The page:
iii.1 Fast cavity regime

As a first step we study a spin which is slow compared to the cavity, where . In that case we can expand the field in powers of and obtain an effective equation of motion for the spin by integrating out the light field. We write , where the subscript indicates the order in . From the equation for , we find that fulfills the instantaneous equilibrium condition


from which we obtain the correction :


To derive the effective equation of motion for the spin, we replace in Eq. (6) which leads to


Here , where acts as an optically induced magnetic field. The second term is reminiscent of Gilbert damping, but with spin-velocity component only along . Both the induced field and dissipation coefficient depend explicitly on the instantaneous value of :


This completes the microscopic derivation of the optical Landau-Lifshitz-Gilbert equation for the spin, an important tool to analyze effective spin dynamics in different contexts Tserkovnyak et al. (2002). We consider the nonlinear adiabatic dynamics of the spin governed by Eq. (9) below. Two distinct solutions can be found: generation of new stable fixed points (magnetic switching) and optomagnonic limit cycles (self oscillations).

Given our Hamiltonian (Eq. (1)), the north pole is stable in the absence of optomagnonic coupling – the selection of this state is ensured by the intrinsic damping . By driving the system this can change due to the energy pumped to (or absorbed from) the spin, and the new equilibrium is determined by and , when dominates over . Magnetic switching refers to the rotation of the macroscopic magnetization by , to a new fixed point near the south pole in our model. This can be obtained for blue detuning , in which case is negative either on the whole Bloch sphere (when ) or on a certain region, as shown in Fig. (2)a. Similar results were obtained in the case of spin optodynamics for cold atoms systems Brahms and Stamper-Kurn (2010). The possibility of switching the magnetization direction in a controlled way is of great interest for information processing with magnetic memory devices, in which magnetic domains serve as information bits Stanciu et al. (2007); Kirilyuk et al. (2010); Lambert et al. (2015a). Remarkably, we find that for blue detuning, magnetic switching can be achieved for arbitrary small light intensities in the case of . This is due to runaway solutions near the north pole for , as discussed in detail in App. C. In physical systems, the threshold of light intensity for magnetization switching will be determined by the extrinsic dissipation channels.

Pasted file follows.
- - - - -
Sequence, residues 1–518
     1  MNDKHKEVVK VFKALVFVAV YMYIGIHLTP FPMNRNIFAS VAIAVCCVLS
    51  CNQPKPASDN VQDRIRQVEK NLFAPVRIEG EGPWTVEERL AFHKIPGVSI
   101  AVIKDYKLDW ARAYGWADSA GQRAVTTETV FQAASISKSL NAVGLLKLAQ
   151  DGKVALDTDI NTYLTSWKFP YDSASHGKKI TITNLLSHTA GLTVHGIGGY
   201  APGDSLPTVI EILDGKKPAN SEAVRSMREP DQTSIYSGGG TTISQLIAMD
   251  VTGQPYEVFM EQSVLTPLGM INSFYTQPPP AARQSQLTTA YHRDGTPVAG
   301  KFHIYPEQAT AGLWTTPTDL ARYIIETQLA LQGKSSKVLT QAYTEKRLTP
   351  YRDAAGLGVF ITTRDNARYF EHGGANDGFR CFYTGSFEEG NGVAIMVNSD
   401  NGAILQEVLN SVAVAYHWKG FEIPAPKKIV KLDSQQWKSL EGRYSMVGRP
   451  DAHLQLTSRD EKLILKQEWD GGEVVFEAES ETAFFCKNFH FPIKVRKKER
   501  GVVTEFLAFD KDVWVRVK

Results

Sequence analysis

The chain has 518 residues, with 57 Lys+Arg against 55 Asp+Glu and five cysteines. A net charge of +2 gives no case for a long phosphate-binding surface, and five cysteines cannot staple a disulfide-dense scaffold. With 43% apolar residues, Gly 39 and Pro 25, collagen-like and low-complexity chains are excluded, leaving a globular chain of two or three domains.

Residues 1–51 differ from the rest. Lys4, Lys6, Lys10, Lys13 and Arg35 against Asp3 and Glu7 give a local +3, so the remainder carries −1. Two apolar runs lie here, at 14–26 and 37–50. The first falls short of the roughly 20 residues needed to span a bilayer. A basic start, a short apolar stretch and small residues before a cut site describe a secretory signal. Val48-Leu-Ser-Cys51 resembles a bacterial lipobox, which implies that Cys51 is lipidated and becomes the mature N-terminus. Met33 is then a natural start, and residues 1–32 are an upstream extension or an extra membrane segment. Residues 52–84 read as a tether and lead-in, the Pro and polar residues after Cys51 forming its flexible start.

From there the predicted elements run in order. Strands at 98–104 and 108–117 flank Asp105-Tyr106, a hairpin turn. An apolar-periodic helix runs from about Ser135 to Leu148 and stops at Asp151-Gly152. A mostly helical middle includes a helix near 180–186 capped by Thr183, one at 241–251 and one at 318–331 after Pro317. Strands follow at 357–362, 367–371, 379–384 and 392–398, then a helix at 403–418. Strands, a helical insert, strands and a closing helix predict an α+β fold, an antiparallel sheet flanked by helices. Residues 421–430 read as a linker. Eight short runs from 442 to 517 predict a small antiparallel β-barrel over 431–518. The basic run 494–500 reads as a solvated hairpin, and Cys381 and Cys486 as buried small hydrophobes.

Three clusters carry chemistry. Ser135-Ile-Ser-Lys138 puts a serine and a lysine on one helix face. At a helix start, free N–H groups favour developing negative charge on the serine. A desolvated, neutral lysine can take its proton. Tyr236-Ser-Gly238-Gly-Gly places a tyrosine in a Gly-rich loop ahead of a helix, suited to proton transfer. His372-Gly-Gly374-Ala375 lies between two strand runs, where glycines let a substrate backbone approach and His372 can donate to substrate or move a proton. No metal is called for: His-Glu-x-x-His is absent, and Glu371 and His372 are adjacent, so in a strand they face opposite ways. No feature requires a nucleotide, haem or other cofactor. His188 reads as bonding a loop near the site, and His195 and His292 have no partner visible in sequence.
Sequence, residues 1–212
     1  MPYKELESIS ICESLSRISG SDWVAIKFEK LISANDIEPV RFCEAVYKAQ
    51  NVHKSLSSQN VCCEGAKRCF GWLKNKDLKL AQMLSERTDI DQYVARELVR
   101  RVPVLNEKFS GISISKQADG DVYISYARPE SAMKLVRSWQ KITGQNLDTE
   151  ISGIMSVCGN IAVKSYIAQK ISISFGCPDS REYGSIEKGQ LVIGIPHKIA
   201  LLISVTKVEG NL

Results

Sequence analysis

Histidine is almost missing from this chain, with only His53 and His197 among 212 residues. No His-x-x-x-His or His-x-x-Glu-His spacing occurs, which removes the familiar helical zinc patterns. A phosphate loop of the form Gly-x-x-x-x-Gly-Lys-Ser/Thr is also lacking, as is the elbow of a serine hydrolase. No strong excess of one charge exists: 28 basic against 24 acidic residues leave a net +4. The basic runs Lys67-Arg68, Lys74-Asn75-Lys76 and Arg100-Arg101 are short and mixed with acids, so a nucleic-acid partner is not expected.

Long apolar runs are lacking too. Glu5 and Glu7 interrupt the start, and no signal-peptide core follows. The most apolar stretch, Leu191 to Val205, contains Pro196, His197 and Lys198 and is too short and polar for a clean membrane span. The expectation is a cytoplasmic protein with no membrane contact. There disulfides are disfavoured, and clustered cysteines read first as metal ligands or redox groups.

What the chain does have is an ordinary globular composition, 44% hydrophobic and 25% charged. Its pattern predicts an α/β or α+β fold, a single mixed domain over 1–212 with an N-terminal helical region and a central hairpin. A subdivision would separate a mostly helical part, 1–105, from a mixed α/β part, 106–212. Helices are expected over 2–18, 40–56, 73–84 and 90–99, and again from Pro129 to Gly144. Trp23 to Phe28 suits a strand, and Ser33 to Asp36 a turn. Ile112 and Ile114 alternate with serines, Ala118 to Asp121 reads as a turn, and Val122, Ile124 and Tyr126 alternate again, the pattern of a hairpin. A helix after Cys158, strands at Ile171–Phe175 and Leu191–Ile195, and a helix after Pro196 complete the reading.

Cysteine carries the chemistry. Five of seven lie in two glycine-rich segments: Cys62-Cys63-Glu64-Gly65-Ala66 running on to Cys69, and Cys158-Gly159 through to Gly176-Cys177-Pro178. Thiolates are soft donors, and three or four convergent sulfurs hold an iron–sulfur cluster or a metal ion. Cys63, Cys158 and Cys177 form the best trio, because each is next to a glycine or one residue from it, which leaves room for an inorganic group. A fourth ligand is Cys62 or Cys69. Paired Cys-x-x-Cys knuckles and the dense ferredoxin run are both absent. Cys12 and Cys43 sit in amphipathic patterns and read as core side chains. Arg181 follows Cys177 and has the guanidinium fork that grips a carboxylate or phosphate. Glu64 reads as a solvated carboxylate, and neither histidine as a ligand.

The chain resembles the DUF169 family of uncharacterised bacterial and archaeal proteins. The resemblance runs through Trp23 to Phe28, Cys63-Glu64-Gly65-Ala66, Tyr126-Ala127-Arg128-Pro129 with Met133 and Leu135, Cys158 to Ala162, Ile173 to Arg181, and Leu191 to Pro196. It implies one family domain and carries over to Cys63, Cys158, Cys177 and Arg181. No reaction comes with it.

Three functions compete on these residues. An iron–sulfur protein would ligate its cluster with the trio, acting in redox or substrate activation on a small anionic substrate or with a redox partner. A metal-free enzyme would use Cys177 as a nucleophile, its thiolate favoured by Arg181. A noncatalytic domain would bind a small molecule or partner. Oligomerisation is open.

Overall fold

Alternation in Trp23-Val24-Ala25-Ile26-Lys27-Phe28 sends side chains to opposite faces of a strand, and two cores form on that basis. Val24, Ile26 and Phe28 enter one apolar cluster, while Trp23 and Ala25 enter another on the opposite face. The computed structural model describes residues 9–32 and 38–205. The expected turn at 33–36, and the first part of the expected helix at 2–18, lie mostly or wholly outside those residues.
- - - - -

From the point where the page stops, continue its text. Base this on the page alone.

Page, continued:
For higher intensities of the light field, limit cycle attractors can be found for , where the optically induced dissipation can change sign on the Bloch sphere (Fig. (2)b). The combination of strong nonlinearity and a dissipative term which changes sign, leads the system into self sustained oscillations. The crossover between fixed point solutions and limit cycle attractors is determined by a balance between the detuning and the light intensity, as discussed in App. C. Limit cycle attractors require (note that from (11) if ).

We note that for both examples shown in Fig. (2), for the chosen parameters we have in the case of YIG, and hence taking is a very good approximation. More generally, from Eqs. (10) we estimate and therefore we can safely neglect for . The qualitative results (limit cycle, switching) survive up to , although quantitatively modified as is increased: for example, the size of the limit cycle would change, and there would be a threshold intensity for switching.

iii.2 Full nonlinear dynamics

The nonlinear system of Eq. (6) presents even richer behavior when we leave the fast cavity regime. For limit cycles near the north pole, when , the spin is well approximated by a harmonic oscillator, and the dynamics is governed by the attractor diagram established for optomechanics Marquardt et al. (2006). In contrast, larger limit cycles will display novel features unique to optomagnonics, on which we focus here.